Diabetes rates in the UK have soared to nearly three million with the numbers of those affected in Yorkshire up by more than 12,000 in a year, a leading charity is warning.
The number of people diagnosed with the disease has risen by nearly 130,000 to 2.9 million in the past year, said Diabetes UK.
There are now 50 per cent more Britons with diabetes than when GP data on the disease were first published in 2005 and the rise is mainly due to a surge in Type 2 diabetes, which accounts for 90 per cent of all cases and is most common in people who are overweight.
In Yorkshire, the numbers of people diagnosed increased to 248,877 in the year to March 2011, the charity says.
The Leeds Primary Care Trust area has the highest numbers of recorded patients over the age of 17 at 31,098, followed by North Yorkshire and York PCT, with 31,827, and Bradford and Airedale with 28,012.
Barbara Young, chief executive of Diabetes UK, said: “The time for action is now. Whilst rates of other serious conditions including many cancers, heart disease and stroke are steady or declining, the epidemic of diabetes continues to grow at even faster rates.
“Simple things can make a huge impact. The vascular screening NHS Health Checks is critical in detecting early signs of Type 2 diabetes. Losing 10 per cent of your weight reduces your chances of developing Type 2 diabetes by 50 per cent.”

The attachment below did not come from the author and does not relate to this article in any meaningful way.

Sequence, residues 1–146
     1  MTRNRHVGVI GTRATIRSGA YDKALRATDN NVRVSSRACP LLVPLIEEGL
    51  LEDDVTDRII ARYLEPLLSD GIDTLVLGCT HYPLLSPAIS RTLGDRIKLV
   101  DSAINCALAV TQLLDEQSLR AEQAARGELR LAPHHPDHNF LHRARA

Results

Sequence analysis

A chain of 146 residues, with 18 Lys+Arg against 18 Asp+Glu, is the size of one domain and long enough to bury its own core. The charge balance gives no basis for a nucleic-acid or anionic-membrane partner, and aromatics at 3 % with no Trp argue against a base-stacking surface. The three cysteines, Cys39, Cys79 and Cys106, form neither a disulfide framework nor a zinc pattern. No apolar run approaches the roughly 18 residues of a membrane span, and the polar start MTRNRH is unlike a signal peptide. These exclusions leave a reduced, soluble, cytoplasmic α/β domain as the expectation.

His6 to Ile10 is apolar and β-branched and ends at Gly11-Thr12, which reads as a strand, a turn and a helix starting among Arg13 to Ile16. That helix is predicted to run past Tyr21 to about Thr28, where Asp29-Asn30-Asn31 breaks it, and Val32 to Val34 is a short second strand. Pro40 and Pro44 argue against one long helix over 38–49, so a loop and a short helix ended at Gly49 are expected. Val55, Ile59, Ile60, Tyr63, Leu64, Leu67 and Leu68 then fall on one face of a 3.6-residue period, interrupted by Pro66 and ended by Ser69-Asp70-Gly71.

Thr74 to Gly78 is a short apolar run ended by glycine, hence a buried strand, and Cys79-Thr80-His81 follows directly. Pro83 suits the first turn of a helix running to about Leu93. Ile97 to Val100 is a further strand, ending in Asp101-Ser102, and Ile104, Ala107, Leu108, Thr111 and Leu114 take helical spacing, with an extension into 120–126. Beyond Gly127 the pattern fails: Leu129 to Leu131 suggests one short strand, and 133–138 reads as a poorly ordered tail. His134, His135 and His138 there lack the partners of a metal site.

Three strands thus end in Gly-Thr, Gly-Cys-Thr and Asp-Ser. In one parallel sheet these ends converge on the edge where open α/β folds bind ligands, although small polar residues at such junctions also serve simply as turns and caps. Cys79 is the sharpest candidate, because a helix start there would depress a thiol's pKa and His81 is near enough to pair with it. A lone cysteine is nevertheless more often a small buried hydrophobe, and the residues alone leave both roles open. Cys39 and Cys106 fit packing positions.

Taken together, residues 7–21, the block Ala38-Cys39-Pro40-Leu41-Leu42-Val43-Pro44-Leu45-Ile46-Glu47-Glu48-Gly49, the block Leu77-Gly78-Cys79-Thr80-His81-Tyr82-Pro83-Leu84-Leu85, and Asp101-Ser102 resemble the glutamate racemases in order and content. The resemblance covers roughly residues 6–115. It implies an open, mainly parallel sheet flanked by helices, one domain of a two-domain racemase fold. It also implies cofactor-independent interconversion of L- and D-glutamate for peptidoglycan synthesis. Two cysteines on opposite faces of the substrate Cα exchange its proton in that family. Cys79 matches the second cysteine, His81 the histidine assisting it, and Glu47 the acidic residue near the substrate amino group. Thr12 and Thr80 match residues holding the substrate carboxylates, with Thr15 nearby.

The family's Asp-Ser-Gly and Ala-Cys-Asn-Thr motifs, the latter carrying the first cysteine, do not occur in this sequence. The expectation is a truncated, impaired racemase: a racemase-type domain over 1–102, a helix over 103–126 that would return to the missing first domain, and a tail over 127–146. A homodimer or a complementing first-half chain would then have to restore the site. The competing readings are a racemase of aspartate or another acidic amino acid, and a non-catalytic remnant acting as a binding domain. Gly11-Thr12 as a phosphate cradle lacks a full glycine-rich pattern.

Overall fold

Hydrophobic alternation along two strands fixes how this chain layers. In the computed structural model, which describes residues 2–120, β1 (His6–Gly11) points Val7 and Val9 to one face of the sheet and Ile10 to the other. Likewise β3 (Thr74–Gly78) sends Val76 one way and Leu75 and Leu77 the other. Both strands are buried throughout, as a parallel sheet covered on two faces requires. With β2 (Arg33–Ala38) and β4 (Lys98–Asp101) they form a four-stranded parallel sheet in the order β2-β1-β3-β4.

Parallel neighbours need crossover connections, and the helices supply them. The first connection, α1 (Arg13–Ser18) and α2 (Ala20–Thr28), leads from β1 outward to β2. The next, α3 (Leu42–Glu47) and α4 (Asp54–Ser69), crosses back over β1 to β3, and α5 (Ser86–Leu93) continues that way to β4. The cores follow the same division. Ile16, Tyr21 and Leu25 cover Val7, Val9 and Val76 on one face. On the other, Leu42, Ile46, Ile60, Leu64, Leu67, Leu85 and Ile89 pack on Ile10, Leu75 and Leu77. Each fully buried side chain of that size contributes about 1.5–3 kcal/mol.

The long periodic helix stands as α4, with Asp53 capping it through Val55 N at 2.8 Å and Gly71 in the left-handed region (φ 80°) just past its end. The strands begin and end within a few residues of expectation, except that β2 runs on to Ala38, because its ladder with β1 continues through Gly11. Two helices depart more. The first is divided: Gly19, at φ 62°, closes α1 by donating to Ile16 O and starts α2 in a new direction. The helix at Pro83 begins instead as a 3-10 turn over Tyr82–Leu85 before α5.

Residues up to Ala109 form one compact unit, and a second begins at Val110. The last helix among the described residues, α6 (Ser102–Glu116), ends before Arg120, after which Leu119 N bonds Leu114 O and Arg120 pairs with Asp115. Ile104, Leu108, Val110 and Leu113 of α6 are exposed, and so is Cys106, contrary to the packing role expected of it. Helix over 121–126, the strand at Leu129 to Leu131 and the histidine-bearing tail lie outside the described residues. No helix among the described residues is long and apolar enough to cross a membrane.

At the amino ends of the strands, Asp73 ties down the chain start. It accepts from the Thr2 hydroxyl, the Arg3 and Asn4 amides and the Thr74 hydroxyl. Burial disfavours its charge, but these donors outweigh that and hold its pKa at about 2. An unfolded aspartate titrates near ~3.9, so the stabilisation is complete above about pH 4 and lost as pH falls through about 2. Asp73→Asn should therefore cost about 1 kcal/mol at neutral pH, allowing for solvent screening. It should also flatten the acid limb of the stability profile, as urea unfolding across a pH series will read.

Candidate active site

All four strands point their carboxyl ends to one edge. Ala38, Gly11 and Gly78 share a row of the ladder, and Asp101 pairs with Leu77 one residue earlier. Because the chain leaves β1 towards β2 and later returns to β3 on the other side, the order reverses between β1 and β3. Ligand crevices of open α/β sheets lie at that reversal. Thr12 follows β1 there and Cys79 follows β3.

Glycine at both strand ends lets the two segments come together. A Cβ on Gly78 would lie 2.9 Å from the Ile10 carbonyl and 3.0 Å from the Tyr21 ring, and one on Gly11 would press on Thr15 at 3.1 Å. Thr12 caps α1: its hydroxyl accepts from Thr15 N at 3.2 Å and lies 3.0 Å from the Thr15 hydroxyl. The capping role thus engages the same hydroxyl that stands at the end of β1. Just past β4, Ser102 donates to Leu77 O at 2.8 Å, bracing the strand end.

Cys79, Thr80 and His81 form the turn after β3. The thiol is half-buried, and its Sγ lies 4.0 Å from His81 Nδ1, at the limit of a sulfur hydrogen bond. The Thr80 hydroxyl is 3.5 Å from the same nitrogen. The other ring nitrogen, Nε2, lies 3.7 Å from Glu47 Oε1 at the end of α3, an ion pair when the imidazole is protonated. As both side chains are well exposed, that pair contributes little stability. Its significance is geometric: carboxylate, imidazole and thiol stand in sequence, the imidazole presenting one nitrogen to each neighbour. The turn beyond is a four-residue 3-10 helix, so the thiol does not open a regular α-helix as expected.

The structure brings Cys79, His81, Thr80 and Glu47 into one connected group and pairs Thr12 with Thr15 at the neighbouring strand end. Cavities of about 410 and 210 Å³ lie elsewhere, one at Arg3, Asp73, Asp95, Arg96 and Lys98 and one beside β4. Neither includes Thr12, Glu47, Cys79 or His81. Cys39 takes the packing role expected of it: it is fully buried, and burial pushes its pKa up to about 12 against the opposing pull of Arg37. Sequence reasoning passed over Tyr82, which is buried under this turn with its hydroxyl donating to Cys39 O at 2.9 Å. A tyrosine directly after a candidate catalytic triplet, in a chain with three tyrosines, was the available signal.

“We must reverse this trend if more people are not going to suffer unnecessarily and if diabetes is not going to bankrupt the NHS. Around 10 per cent of NHS spending goes on diabetes and its complications; this equates to £9bn per year or £1m an hour.”
Diabetes UK is trying to make people aware of the lesser-known risk factors associated with the condition. These include having a large waist, irrespective of weight, being aged over 40, having relatives with the disease, or being from a black, Asian, or other minority ethnic community.
At-risk waist measurements are 37 inches or more for men, except those of South Asian origin for whom the threshold is 35 inches or more, and 31.5 inches or more for women.
Symptoms of diabetes include frequent urination, especially at night, increased thirst, extreme tiredness, unexplained weight loss, genital itching or regular episodes of thrush, slow healing of cuts and wounds, and blurred vision.
People with Type 2 diabetes may have the condition for up to 10 years without realising it.